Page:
Last edited: February 14, 2005


Today at the Supremes

From: Barrett Brick
March 26, 2003

I was able to attend todayís oral arguments in Lawrence & Garner v Texas [number two in the Supreme Court bar members line at 5 am!]. I can offer the following summary:

Paul Smith [the lawyer for the plaintiffs] opened his argument, and proceeded for a minute or so before Rehnquist queried whether the issue of historical trends used in 8th Amendment analysis should be applied to a substantive due process challenge. Smith responded that the historical trends need to be understood because Texasí law is not normative. Scalia tried to split the due process and equal protection foci of the case, and also returned to Rehnquistís issue, asking whether the focus was on something deeply rooted in tradition or on an evolution in the law. Souter asked Smith whether he feels he should win on the history argument. Smith answered yes.

Scalia queried whether there was evidence that when police discovered acts of same sex sodomy being committed the police turned a blind eye, and, if not, how can it be argued that the law is not being enforced? Smith distinguished this from drug cases, in which police actively investigate and seek out activities behind closed doors.

OíConnor raised the issue of a statute that criminalised all acts of sodomy. Kennedy [I think] asked whether there would be an equal protection problem with such a statute. Smith replied that there would be if Gays were targeted under such a statute.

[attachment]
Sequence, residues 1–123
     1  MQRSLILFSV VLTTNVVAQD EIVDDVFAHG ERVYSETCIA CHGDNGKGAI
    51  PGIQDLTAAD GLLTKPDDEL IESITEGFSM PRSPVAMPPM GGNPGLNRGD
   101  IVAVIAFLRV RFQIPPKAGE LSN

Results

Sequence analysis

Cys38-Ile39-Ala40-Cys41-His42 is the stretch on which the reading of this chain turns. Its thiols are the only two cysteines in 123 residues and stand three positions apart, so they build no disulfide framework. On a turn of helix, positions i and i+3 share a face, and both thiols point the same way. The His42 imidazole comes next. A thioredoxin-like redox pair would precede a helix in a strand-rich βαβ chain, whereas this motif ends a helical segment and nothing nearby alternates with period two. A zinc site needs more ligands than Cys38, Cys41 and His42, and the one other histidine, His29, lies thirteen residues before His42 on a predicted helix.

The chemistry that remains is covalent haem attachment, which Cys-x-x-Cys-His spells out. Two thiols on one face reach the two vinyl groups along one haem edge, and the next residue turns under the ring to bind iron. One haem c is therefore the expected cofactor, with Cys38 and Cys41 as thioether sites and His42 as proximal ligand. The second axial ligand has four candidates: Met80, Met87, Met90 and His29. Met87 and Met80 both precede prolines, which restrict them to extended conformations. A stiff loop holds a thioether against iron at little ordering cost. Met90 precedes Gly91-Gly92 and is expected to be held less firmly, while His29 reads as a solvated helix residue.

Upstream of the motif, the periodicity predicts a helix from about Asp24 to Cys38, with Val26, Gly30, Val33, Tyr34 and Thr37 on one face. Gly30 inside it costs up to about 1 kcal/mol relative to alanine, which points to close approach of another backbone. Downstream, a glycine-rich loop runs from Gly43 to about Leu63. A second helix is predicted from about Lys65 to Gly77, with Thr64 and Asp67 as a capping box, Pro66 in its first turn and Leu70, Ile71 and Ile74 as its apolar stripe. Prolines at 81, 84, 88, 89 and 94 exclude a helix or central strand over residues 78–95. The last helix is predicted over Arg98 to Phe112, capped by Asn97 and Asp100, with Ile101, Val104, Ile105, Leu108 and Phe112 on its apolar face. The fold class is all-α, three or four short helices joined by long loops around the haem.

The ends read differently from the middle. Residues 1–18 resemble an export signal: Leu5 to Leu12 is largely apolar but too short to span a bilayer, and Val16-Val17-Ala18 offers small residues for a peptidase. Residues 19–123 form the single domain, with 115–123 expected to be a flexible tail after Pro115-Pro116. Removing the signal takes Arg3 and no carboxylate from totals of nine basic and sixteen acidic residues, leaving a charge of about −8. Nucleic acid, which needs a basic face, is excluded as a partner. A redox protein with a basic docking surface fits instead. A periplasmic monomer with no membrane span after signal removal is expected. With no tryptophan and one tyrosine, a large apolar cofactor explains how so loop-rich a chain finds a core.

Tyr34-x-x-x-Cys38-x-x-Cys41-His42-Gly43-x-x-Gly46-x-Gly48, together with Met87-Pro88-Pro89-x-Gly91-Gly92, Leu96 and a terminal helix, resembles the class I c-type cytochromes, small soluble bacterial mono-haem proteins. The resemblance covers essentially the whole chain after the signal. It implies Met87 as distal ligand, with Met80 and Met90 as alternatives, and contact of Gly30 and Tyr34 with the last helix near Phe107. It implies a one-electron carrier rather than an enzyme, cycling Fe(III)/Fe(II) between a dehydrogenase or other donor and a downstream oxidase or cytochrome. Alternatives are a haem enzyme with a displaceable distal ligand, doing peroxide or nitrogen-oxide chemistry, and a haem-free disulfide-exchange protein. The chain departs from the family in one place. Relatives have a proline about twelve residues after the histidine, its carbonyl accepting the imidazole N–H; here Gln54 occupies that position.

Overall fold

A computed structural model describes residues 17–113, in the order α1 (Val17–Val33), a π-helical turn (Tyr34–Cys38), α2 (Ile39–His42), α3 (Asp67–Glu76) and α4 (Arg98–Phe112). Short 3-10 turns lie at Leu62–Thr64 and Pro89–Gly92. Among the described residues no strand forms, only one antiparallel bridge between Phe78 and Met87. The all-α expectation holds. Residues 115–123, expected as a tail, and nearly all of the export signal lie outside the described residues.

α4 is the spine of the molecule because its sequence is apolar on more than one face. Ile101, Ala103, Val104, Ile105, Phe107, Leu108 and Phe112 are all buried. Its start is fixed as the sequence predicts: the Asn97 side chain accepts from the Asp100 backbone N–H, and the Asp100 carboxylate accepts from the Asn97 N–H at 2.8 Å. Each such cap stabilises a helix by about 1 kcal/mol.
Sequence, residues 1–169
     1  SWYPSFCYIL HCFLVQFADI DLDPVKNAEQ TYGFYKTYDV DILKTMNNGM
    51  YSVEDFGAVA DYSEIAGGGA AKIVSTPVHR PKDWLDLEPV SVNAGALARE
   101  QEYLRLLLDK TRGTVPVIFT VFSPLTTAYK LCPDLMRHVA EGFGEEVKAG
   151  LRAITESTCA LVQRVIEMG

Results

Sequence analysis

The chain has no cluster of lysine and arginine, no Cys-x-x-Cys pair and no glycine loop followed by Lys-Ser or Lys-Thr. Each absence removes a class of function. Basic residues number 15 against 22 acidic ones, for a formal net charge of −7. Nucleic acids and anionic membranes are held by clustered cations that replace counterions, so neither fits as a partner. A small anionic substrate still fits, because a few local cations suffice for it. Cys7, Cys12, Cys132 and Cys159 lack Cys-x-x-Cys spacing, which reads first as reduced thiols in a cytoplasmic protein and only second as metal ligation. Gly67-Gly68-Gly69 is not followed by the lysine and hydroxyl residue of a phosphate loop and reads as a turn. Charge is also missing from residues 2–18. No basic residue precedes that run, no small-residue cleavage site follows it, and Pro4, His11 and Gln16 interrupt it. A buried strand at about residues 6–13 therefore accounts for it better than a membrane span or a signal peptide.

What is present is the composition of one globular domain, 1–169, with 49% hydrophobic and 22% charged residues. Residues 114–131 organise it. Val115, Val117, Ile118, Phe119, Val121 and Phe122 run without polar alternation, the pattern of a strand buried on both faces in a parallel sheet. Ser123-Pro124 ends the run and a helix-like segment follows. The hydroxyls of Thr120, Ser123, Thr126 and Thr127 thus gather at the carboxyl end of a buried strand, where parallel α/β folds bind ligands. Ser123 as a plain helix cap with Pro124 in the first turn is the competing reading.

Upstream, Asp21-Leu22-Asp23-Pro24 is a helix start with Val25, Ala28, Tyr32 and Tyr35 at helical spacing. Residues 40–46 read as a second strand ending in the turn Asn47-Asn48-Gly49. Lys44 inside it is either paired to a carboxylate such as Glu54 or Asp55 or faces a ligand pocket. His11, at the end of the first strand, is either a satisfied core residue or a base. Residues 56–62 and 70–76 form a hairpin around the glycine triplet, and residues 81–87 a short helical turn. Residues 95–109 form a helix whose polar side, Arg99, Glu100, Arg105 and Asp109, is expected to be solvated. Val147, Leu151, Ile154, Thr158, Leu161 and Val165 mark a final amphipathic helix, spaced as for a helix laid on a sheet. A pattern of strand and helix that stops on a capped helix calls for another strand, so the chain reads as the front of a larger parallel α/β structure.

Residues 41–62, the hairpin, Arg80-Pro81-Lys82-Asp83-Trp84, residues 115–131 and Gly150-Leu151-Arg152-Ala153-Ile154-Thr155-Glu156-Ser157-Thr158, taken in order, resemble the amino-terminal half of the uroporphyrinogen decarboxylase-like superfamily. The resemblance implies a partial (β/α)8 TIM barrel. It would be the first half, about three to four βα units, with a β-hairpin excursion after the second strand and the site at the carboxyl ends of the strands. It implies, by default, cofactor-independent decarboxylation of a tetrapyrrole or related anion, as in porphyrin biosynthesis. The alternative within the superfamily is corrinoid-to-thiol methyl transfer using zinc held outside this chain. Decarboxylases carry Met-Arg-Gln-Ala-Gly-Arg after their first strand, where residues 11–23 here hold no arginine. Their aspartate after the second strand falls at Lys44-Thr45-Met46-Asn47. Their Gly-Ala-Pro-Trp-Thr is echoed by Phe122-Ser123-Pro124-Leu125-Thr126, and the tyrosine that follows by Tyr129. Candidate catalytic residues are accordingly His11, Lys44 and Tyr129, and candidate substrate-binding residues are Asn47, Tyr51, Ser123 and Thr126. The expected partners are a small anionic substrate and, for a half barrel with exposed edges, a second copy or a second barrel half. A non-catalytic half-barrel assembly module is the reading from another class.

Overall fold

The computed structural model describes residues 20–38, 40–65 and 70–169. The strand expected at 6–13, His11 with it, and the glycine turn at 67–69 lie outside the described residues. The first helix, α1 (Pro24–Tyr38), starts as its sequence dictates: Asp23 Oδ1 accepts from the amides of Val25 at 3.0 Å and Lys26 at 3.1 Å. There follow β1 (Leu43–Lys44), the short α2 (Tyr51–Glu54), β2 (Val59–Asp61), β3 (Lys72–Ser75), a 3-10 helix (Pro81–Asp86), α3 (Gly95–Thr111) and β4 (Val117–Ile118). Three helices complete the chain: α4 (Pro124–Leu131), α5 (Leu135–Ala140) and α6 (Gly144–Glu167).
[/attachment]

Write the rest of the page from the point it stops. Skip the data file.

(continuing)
Scalia opined that states could target evils a step at a time or target the more odious. Smith responded that it is insufficient to justify a law simply by arguing that a state wants to outlaw only same sex acts. Scalia suggested that laws against bigamy are bigoted against bigamists. Smith replied that anti-bigamy laws protect the state institution of marriage, that the Texas law being challenged was more akin to a law prohibiting cohabitation only when interracial.

Rehnquist opined that all laws disapprove conduct. Smith responded that the Constitutionís equal protection clause is a bar. OíConnor asked whether heightened scrutiny was needed for the plaintiffs to prevail. Smith said no, citing Romer v Evans, Eisenstadt v Baird, and City of Cleveland. Rehnquist asked whether a law preferring heterosexual teachers should fall? Smith responded that the state would have to justify such a law. Scalia suggested that disapproval of homosexuality could be a justification. Smith said the equal protection clause would be a bar.